Africa will receive a total of $14 billion for investment from Obama administration as announced in the U.S. -Africa summit last week. This will roll out U.S’s sleeves in a bid to strengthen economic ties with the governments.
Part of commitments by the United States is a $250 million fund to support construction and operation of a 310-megawatt Lake Turkana Wind Project, which is the largest of its kind in Africa. The investment will help boost the capacity of the plant by 20% in order to produce power to serve more 2.5 million Kenyans.
The money will be expected to fund investments in construction of infrastructure, energy and projects in the information technology around the continent. Funds come from the government of Kenya and private partners in the United States. This will be funded through the Power Africa project launched by Obama last year June.
Obama has called for the African officials to support foreign investors by creating necessary investment conditions. African leaders said they were hopeful that they would join in the party for becoming full partners with the United States for $85 billion a year.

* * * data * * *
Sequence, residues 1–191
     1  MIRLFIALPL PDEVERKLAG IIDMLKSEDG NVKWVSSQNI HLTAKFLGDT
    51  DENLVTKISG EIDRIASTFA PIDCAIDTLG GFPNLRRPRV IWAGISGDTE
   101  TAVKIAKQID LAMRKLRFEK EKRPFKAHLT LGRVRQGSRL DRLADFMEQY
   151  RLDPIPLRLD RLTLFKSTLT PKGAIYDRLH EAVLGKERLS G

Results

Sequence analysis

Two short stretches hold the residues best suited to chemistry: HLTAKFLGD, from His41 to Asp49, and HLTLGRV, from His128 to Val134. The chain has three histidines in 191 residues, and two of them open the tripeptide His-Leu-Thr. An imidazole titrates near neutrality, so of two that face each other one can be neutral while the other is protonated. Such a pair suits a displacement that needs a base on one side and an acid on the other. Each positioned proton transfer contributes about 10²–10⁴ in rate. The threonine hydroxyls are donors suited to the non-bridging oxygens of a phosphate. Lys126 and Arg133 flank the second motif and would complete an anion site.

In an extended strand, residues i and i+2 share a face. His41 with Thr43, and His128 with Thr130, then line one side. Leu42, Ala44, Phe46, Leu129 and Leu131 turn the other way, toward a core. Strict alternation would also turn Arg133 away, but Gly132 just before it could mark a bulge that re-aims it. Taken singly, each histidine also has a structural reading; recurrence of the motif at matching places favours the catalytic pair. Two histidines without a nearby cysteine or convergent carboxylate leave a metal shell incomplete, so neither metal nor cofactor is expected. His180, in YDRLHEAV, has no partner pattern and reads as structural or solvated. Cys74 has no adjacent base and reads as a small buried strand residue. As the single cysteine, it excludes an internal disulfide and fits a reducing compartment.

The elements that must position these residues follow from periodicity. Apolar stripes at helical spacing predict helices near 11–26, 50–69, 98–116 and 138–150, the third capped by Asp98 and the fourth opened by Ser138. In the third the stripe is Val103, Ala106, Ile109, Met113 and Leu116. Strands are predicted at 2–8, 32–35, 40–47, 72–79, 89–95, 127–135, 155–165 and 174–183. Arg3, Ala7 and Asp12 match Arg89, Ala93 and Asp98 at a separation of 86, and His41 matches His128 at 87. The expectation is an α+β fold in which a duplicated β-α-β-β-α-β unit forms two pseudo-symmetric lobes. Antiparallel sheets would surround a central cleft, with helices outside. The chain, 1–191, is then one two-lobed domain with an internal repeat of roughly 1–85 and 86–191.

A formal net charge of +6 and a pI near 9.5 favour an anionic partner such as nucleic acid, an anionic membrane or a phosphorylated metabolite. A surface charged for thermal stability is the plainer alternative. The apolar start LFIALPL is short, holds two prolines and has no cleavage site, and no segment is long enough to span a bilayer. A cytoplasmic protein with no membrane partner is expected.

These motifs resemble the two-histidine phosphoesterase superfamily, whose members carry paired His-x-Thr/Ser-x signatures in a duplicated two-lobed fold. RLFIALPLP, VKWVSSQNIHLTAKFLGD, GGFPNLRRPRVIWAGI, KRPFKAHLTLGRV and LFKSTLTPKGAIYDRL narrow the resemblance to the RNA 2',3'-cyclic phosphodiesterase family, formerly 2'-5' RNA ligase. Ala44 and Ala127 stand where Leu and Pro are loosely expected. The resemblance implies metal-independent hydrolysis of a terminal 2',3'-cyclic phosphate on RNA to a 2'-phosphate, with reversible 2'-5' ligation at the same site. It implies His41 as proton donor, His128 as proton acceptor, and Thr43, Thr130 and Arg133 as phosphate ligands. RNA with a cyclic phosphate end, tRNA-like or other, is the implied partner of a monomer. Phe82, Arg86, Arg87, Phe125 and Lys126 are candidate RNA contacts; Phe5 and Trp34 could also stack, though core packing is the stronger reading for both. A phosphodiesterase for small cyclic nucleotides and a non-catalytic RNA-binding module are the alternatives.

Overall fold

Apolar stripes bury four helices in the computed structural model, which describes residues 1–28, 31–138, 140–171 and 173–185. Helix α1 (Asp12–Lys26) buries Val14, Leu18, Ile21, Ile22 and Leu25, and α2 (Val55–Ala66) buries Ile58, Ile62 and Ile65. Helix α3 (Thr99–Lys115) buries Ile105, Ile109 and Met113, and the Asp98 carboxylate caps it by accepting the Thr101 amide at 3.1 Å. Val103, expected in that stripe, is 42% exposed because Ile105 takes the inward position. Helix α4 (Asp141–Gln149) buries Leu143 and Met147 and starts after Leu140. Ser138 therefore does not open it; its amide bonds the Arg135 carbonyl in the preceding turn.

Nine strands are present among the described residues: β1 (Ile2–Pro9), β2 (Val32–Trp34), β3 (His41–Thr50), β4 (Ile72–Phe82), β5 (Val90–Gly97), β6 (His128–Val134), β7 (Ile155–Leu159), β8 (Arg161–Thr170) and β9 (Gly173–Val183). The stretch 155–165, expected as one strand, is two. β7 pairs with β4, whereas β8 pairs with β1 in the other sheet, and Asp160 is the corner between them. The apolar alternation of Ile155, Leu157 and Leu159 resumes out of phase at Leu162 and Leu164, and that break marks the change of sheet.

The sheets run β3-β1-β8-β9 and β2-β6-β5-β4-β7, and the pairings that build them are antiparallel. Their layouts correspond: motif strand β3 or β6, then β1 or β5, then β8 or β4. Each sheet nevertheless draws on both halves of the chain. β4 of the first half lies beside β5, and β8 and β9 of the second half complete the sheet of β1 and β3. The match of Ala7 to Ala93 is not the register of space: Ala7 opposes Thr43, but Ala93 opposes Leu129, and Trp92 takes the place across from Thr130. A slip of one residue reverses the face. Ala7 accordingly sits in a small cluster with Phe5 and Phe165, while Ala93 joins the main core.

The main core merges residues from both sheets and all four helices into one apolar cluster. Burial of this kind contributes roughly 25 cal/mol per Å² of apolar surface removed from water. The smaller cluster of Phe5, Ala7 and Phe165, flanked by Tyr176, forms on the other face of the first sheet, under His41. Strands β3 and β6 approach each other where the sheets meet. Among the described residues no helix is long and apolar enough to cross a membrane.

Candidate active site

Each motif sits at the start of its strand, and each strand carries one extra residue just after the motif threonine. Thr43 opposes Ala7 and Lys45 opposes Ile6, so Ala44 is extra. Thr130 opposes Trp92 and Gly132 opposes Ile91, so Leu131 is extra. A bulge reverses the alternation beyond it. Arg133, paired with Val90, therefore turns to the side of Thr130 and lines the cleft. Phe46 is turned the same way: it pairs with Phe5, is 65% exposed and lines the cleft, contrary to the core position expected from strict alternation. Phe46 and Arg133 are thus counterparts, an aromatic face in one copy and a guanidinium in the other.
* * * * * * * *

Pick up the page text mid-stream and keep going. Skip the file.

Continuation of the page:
General Electric will contribute $2 billion that will help boost infrastructure, increase access to energy and worker skills. African Coca Cola bottling partners will also get an investment worth $5 billion from the company. This will help establish new manufacturing lines, equipment and safe water access programs. IBM will also add $2 b into the region in terms of investments in the next 7 years. Following an agreement with Blackstone Group (BX.N) funds, Dangote will inject $5 billion in energy projects in sub-Saharan region. Mo Ibrahim, an African telecoms billionaire encouraged U.S businesses to invest in Africa and also to pay taxes. World Bank has also committed $5 b for the sake of increasing access of electricity in Africa.
Obama’s Power Africa project is slated to get additional $12 billion from private companies to help increase access of power to Africa.
The U.S.-Africa Clean Energy Finance initiative (U.S.-ACEF) will, according to Secretary of State John Kerry’s announcement in Washington D.C. during the U.S.-Africa Leaders’ Summit that it will add $10 million in supporting clean energy. This will target projects to increase access of electricity mainly at sub-Saharan region where 600 million people have no electricity. Rwanda has already benefited from an investment in Gigawatt Global’s 8.5 megawatt project, which is a grid-connected solar power plant that spent $19.4 million.